It was a modified Studer A800. The first one we got was anactual8-track-aMKI-andIhaditkittedout with MK III electronics, which was a job in itself. The first time we used it, we had it shipped out to Paris to work with Ozzy [Osbourne]. I'll never forget when we played back that first recording. It's always an amazing thing when what you hear going in is breathtaking, but then what you hear coming out has the potential to stop your internal organs from functioning — it just doesn't sound like anything you've ever heard before. Everyone's jaw hit the ground. It was literally amazing. All of a sudden there was this phenomenal low-end extension. Physics dictated that it shouldn't happen. You could listen to drums on [Yamaha] NS10s, and everyone would swear there was a sub in the room. NS10s were actually reproducing low end comfortably. I was running it at 7 1/2 ips. French had said it should sound good at 15. Since it was a MK I, the speeds were 7 1/2 and 15, and I figured, "Well, I always run 16 tracks at 15 rather than 30, so 7 1/2 would probably sound better with eight tracks." We did a comparison, and 15 ips sounded beautiful — definitely better in the highs. But when we went down to 7 1/2, something happened sonically that was just uncanny. Things like that are what I love about this work. That sense of discovery — feeling that you're in uncharted territory. And it feeds on everything everyone else does. It's exciting, and it inspires others to raise the bar.
You mentioned that you've now started working more in the digital realm.
To a certain extent it's just unavoidable. Maintaining an analog studio in this day and age is kind of akin to keeping up a vintage car. Parts are expensive and hard to find, and it begins to get to a point where you're spending more time keeping things repaired than making music. I still have my misgivings about digital, but it's definitely come a long way since the early days.
What are you using?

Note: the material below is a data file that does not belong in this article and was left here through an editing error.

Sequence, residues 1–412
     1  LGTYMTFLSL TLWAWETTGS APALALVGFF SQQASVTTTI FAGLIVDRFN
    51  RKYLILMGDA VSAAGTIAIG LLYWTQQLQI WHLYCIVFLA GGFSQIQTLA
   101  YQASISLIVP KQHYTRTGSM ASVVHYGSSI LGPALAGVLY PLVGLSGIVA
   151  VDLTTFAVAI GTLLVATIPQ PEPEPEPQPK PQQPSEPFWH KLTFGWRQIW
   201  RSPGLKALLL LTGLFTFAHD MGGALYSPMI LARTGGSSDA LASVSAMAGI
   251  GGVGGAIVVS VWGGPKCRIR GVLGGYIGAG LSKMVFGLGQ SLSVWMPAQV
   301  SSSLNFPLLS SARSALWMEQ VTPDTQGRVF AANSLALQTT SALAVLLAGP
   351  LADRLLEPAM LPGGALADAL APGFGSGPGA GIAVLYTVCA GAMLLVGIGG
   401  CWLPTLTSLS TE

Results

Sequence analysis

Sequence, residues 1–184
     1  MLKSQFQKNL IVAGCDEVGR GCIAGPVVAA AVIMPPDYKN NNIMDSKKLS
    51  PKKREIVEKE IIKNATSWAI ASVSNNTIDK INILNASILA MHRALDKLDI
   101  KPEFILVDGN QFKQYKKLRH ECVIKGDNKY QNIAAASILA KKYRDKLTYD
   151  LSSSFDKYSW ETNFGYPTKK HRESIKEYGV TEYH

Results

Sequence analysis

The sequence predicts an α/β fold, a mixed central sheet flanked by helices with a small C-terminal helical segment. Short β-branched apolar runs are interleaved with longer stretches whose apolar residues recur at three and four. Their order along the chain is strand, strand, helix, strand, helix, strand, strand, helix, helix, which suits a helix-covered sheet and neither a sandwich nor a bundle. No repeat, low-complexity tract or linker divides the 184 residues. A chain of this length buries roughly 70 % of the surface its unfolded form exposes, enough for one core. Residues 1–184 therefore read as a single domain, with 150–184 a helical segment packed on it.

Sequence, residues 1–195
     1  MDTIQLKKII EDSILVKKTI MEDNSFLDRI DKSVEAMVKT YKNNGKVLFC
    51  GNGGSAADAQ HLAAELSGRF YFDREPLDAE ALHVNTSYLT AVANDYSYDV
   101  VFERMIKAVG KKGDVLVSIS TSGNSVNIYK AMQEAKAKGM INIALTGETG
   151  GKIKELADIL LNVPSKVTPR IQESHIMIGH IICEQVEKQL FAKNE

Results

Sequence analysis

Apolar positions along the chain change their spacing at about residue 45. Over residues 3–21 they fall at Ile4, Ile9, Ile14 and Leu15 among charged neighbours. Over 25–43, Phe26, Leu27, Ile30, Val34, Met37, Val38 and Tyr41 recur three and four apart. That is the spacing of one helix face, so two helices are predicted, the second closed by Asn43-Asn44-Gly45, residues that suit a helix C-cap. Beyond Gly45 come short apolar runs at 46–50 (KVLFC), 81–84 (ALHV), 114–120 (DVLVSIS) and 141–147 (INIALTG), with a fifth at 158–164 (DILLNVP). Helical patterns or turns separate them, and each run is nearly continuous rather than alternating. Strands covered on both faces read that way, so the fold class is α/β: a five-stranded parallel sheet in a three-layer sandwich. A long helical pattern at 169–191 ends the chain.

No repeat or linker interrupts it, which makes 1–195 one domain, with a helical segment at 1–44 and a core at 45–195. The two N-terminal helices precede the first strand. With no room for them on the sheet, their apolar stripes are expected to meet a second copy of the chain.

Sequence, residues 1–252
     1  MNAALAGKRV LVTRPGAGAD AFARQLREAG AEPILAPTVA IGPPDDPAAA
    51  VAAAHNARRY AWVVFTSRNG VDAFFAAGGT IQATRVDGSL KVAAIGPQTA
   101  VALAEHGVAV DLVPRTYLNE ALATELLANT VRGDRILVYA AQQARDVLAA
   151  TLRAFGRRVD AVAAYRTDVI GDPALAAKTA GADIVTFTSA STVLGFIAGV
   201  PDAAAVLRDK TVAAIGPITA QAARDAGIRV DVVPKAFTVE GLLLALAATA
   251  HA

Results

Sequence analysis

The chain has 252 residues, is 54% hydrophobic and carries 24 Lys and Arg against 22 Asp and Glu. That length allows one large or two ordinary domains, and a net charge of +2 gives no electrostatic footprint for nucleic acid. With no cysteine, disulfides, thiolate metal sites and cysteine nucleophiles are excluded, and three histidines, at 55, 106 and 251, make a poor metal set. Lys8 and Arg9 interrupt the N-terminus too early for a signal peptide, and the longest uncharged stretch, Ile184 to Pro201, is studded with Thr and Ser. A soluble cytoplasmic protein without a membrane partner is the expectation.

I'm working mainly in Logic, Nuendo and Pro Tools, as well as [using] tons of analog gear. I'm playing around with lots of different plug-ins, and it's interesting to hear different people's approaches to emulating classic analog gear. I like a lot of the Universal Audio [UAD] stuff and some of the Waves plug-ins.
How has having the ability to fix a performance affected the way you work? Do you intentionally avoid it and use a DAW like a tape deck, or do you get into splicing performances and moving notes around?
To me, all that stuff is a matter of expediency. It's a judgment call on what's best for each individual record. I haven't adopted a blanket tolerance for fixing things, moving kick drums around and stuff, but sometimes it's just easier and faster to fix something. These tools exist, and I'm not opposed to them on general principle. That said, I definitely prefer to make records where the artist is working at performing their music and there's less editing involved.
You mean with people playing together in the same room?
I've never made a record that way.
Really. I've only done one recording that way. I always found that people played so much better, and gave performances that were more compelling, when they were able to focus exclusively on what they were doing. Even down to tracking bass and drums together — I try, but we usually end up replacing one or the other.